Now the Fed is prohibited from rescuing individual firms, but Dodd-Frank permits the central bank to provide "broad-based" liquidity to the financial system if it gets the approval of the Treasury secretary. The Fed can continue to lend through the discount window, where banks borrow when money is tight, and it can increase liquidity by purchasing U.S. Treasuries and federal agency securities.

        Though Dodd-Frank laid out the basic emergency lending restrictions, the Fed has to write the policies and procedures. Its December 2013 proposal was criticized by 15 lawmakers who told Yellen in a letter that the plan "places no meaningful restrictions on its emergency lending powers." The group was led by Warren of Massachusetts and Republican Senator David Vitter of Louisiana.

        Yellen has indicated that she might partly, but not entirely, appease the politicians. The Fed expects to release the final rule by the end of November and will address "concerns about the definition of broad-based eligibility, insolvent borrowers, and penalty rates," she told the House panel. She didn't discuss the lawmakers' other requests.

        Yellen also must contend with Republican efforts led by Shelby to limit the Fed's authority. Legislation he drafted that would reduce Fed oversight of regional banks, including eliminating stress tests for many of them, was added to a spending bill that Congress must pass next month to avert a federal government shutdown.


        Of course this is not a real fight as the plans are in place to make the transition and everything is coming into place for the end of the game. IF we start to see more publicly displayed instances of fraud, deceit and deception in the banking/finance system over the next few weeks you can bet that Congress will get their way and the Fed will be helpless to preserve it's power.


      • johnthetaxistjohnthetaxist commented  ·   ·  Flag as inappropriate

        U.S. Targets RBS, J.P. Morgan Executives in Criminal Probes

        WASHINGTON--Federal prosecutors are actively pursuing criminal cases against executives from Royal Bank of Scotland Group PLC and J.P. Morgan Chase & Co. for allegedly selling flawed mortgage securities, people familiar with the probes said, as the clock ticks down for bringing cases from the 2008 financial crisis.

        Officials are working to establish that the bankers ignored warnings from associates that they were packaging too many shaky mortgages into investment offerings and are weighing whether they can prove that constituted fraud, the people said.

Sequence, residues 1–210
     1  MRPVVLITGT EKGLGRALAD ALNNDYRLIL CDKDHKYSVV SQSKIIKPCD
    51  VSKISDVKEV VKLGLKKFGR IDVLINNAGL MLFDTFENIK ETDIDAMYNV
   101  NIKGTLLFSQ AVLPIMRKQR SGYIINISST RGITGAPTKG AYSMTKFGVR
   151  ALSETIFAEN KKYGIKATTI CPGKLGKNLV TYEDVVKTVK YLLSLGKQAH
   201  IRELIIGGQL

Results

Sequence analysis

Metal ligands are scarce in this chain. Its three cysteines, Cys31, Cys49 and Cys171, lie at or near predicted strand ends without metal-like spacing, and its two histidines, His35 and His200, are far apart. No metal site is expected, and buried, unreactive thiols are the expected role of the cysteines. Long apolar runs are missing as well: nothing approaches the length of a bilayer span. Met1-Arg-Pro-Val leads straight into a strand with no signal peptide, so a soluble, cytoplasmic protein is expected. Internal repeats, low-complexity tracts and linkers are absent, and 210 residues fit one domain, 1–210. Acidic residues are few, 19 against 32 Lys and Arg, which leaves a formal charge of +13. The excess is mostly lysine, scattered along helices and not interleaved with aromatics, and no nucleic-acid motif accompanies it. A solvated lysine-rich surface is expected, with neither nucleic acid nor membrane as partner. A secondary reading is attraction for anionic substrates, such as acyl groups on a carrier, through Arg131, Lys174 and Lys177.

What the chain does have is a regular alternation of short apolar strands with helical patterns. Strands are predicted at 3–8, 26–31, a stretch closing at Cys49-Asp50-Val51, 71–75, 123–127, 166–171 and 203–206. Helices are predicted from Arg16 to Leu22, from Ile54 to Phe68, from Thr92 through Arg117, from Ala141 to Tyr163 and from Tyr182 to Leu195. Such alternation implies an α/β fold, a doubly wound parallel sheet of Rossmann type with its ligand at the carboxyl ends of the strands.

At RBS, prosecutors are scrutinizing a $2.2 billion deal that repackaged home mortgages into bonds in 2007, the people said. In a 2013 civil settlement with RBS, the Securities and Exchange Commission described the lead banker on that deal, whom it didn't name, as trying to push it through over concerns of the diligence department.

        At J.P. Morgan, prosecutors are focusing on two people who worked on a different residential-mortgage deal, the people said.

        J.P. Morgan noted the existence of a criminal probe in a Nov. 2 quarterly securities filing. A spokesman declined to comment beyond that document.


        It's shaping up to be a SHOW DOWN at the OK Corral by the end of the year!

      • johnthetaxistjohnthetaxist commented  ·   ·  Flag as inappropriate


        In my forum travels I have observed many different agent personalities & personas. Now I'd like to describe the Top-Poster type of persona. The Cabal will send at least one of these infiltrators to every forum they perceive as dangerous. "Brainysmurf" was the Top-Poster agent at Pete's LostHorizons forum (now closed). They stand out with their frequent posts - it's like they're obligated to get into almost every thread.

        To be successful the Top-Poster must learn what the forum is all about and then mimic it. He/she must discover what makes the Admin & Users tick and then act like one of them in order to blend in. A chameleon. Why? To build up a base of credibility & trust for ...
        THE PAYLOAD! What's a payload? That's the disinfo. It would appear the goal is to build up a bully pulpit and then use it to infect the reader's mind.
        Here's a real payload posted 9/22/15:

        "Bitcoin and other cryptocurrencies are backdoors for moving money out of one jurisdiction and into another. The traditional banks benefit greatly from them."


        First of all, bitcoin is a scarce digital commodity (money) and a software protocol for moving that money around. The agent's payload consists of only two sentences. Let's examine each.

        1) He could have posted: "Bitcoin & other crypocurrencies are great for moving money out of one place and into another." And that would be true; I'd agree with that. I can send (or receive) bitcoin to folks around the globe.
        But he didn't say that; he introduced the term "backdoor" which has a negative flavor. One word has turned around the whole sentence. "Backdoor" today commonly refers to a hidden entrance built into software. For example, Microsoft Windows is suspected of containing a backdoor for government (NSA) to eavesdrop and access user data. We don't know for certain because Windows is closed-source, proprietary software. On the other hand, Bitcoin is OPEN-SOURCE software and contains NO backdoor. We'd know if it had one because anyone can read the code and see what's going on (no backdoor).